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Bose sues Beats over noise-canceling patents – Boston Herald

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Boston Herald

Bose sues Beats over noise-canceling patents
Boston Herald
LAWSUIT: A customer listens to a pair of the Beats by Dr. Dre at Best Buy, but the popular headphones are now the subject of a lawsuit filed by Framingham-based Bose Corp., which alleges that the company's products, including the Beats Wireless, are ...
Bose sues Beats Electronics for allegedly infringing on noise-cancellation ...Tech Times
Bose sues Apple takeover target Beats over headphonesHouston Chronicle
Bose sues Beats over alleged use of its patented noise cancelling productTheCelebrityCafe.com
Boston Business Journal -AppPicker.com -Ubergizmo
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?The Tesla Model S doesn’t have onboard navigation in China

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Take a Tesla Model S for a spin in the US or Europe, and you'll have the help of a integrated navigation system to help you find your way. In China, you'll have to unfold a traditional, paper map. Local drivers are learning that the country's...

Clever crow knows exactly how to solve different puzzles to get food

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Clever crow knows exactly how to solve different puzzles to get food

I love it when animals can solve puzzles and problems that I can't even figure out. Here's a crow going through a bunch of different exercises to show its understanding of size, weight, density, the elements and even the amount of effort it should put in to a puzzle to win its reward.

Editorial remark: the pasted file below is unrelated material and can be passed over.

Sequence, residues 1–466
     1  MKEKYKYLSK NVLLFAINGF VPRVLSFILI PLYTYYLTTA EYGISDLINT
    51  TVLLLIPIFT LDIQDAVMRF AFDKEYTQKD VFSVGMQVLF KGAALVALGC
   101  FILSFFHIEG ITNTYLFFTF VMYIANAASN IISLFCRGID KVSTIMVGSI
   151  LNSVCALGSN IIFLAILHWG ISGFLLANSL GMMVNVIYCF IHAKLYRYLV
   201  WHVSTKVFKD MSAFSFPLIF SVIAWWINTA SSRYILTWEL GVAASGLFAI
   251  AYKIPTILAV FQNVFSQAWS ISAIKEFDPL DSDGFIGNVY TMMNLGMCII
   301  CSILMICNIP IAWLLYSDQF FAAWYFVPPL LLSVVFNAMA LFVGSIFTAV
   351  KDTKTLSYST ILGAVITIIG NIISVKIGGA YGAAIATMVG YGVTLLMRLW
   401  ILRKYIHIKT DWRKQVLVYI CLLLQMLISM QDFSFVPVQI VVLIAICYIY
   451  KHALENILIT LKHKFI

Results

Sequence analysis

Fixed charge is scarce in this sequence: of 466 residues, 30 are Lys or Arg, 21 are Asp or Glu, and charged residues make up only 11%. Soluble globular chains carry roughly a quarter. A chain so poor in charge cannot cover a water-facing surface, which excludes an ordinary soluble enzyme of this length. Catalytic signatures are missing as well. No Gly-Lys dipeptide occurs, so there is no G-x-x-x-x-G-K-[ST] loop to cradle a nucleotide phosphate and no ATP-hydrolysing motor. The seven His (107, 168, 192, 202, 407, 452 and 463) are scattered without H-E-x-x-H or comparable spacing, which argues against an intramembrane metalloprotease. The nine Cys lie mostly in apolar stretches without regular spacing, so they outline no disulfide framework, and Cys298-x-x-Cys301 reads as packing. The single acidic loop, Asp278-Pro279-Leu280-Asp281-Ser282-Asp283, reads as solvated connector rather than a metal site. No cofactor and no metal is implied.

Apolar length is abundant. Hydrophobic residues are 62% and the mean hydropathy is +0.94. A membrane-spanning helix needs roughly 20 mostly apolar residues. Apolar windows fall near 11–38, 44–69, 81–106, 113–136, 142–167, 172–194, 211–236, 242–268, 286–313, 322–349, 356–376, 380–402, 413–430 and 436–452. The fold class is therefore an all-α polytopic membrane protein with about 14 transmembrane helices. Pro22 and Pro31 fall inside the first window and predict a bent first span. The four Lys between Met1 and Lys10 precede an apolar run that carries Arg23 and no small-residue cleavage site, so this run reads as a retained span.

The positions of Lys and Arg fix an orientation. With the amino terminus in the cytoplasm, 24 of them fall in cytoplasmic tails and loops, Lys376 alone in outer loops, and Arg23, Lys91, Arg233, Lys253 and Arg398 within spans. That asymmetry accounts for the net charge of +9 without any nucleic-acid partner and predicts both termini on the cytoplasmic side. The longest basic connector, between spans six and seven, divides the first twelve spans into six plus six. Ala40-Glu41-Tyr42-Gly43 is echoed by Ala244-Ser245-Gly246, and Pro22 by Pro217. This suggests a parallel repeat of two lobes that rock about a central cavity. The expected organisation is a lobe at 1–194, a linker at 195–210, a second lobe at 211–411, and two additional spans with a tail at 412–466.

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Cable Companies: We’re Afraid Netflix Will Demand Payment From ISPs

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Dega704 (1454673) writes While the network neutrality debate has focused primarily on whether ISPs should be able to charge companies like Netflix for faster access to consumers, cable companies are now arguing that it's really Netflix who holds the market power to charge them. This argument popped up in comments submitted to the FCC by Time Warner Cable and industry groups that represent cable companies. (National Journal writer Brendan Sasso pointed this out.) The National Cable & Telecommunications Association (NCTA), which represents many companies including Comcast, Time Warner Cable, Cablevision, Cox, and Charter wrote to the FCC: "Even if broadband providers had an incentive to degrade their customers' online experience in some circumstances, they have no practical ability to act on such an incentive. Today's Internet ecosystem is dominated by a number of "hyper-giants" with growing power over key aspects of the Internet experience—including Google in search, Netflix and Google (YouTube) in online video, Amazon and eBay in e-commerce, and Facebook in social media. If a broadband provider were to approach one of these hyper-giants and threaten to block or degrade access to its site if it refused to pay a significant fee, such a strategy almost certainly would be self-defeating, in light of the immediately hostile reaction of consumers to such conduct. Indeed, it is more likely that these large edge providers would seek to extract payment from ISPs for delivery of video over last-mile networks." Related: an article at Gizmodo explains that it takes surprisingly little hardware to replicate (at least most of) Netflix's current online catalog in a local data center.

Read more of this story at Slashdot.








This world map was created by plotting out each incident of terrorism

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This world map was created by plotting out each incident of terrorism

It's incredibly sad that we can basically paint the map of our world just by using the locations of all the incidents of terrorism since 1970. The brightest parts of the map show the areas of the world that have to deal with so much tragedy. The darkest parts are 'safe' because so few people live there.

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